Now, the rest of the story about Chris Murphy and the corporate buyout of the federal treasury.

MoveOn doesn't tell folks Chris Murphy received well over $2 million from special interest PACs  

MoveOn doesn;t tell people Chris Murphy has raised over $1 million from the financial services industry. Which comes as little surprise as Murphy served on the House Banking Committee when it approved the 2008 TARP bailout.   Indeed, Murphy voted for the $700 Billion TARP bailout withing hours of receiving a large contribution from the American Bankers Association.

So, when did Murphy decide it was time to start fighting corporate influence in Washington? Oh. maybe it was during the health care reform fight....umm...no since the Pharma lobby ran a blitz of issue ads praising Murphy.   Did those ads explain Murphy's flip-flop on allowing drug reimportation? Hey, decide for yourself.

No, Chris Murphy suddenly decided corporate money in politics was a bad thing when the corporations that didn't like health care reform paid for ads against him. The contributions from special interests to stuff his 7 figure warchest and the slick issue ads promoting his agenda, well, then it was good government. 

Incumbent politicians don't like Citizens United for the same reason Microsoft doesn't like Macs. When you have a monopoly you want to stifle the means of competition. You want the people whose industries are at risk to come to you on bended knee, checkbook in hand. How dare these people complain directly to the public!  

You see, it's all about protecting your investment. And MoveOn has invested a lot in Chris Murphy.  He was their Number one recipient of campaign cash in 2006. So when a group like AAF  opposed to big government runs the same type of ad MoveOn ran, take MoveOn's umbrage with a grain of salt. And also understand why MoveOn looks the other way when their boy Murphy ladels out trillions to bankers and drug companies. They are going to stand by their man.  Getting him into the Senate will pay a return on their investment.

And this investment may suddenly go sour if the new darling of the hard left, Keith Olbermann  is persuaded to run for the open Connecticut Senate seat.  How could the unctuous Murphy and his corporate liberalism compete with the 200 decibel leftism of Olby?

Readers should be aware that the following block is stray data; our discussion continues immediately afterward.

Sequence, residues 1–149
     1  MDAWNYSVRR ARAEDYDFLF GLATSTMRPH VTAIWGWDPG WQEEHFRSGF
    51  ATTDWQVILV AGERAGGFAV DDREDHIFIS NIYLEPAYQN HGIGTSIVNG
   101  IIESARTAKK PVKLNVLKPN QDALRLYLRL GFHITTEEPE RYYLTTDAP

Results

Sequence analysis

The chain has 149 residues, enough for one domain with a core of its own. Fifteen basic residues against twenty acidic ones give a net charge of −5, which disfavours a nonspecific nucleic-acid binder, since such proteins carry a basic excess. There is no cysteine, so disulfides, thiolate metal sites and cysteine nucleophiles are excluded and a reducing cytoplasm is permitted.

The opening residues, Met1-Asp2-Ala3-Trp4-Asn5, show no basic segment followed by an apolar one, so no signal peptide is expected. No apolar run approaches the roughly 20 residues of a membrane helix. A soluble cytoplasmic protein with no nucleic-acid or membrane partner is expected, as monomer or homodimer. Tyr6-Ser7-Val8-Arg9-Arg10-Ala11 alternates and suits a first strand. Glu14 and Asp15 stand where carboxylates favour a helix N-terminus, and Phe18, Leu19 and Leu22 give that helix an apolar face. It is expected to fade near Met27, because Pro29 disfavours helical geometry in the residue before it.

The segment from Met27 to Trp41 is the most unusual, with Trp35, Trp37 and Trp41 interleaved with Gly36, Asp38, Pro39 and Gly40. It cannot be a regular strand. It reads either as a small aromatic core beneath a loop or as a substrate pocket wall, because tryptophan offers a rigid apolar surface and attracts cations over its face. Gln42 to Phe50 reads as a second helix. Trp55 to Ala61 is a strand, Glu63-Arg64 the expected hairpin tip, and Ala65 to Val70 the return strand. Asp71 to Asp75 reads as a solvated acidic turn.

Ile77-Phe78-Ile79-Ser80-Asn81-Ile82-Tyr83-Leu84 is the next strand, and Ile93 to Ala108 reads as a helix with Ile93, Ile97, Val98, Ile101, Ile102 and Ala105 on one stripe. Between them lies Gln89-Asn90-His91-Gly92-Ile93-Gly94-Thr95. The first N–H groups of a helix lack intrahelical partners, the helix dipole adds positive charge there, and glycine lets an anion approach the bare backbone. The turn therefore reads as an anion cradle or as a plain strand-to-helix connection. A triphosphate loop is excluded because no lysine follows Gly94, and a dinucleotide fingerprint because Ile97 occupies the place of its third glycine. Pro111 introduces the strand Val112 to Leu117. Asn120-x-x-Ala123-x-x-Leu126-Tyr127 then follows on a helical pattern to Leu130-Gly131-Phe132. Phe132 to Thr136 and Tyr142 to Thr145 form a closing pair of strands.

The problem with investing millions of dollars in a product is after awhile, a newer brand goes on the market. MoveOn and Murphy may find their base of support has moved on to a guy who only took millions from Corporate America to call conservatives the worst people in the world. Heh   

 

January 20, 2013

Is two years away.

Someone is going to take the oath of office as our President that date.

What are you doing to make sure it is isn't going to be Barack Obama? 

 

Joe Lieberman's long goodbye

Tomorrow, a man true to himself calls it a day in elective politics. Joe Lieberman will announce his retirement at the end of this term.

Lieberman is an interesting case for many reasons. In 2006, when the Democratic Party adopted advocacy of military defeat as a campaign platform, Lieberman stood athwart history and said NO.  After his rejection by his party's voters Lieberman took his case to the entire electorate, and won a fairly convincing victory.

We don;t know what the corruptive effect on the Democratic Senate caucus the election of Ned Lamont would have caused. I do know that at a point when the George W. Bush adminstration seemed to have the communication skills of a stump and the fighting skills of Punch Out's Glass Joe. Lieberman carried the cause of seeing Iraq through loudly and proudly.

Now the ride is over. Supposedly Lieberman wanted to run again but found no path. The problem here is the voters may reward a candidate for breaking with one party for one reason, but will not reward zig zagging across the political landscape.   Lieberman's position on health care reform and "climate change" made him unsalable to a Republican primary electorate.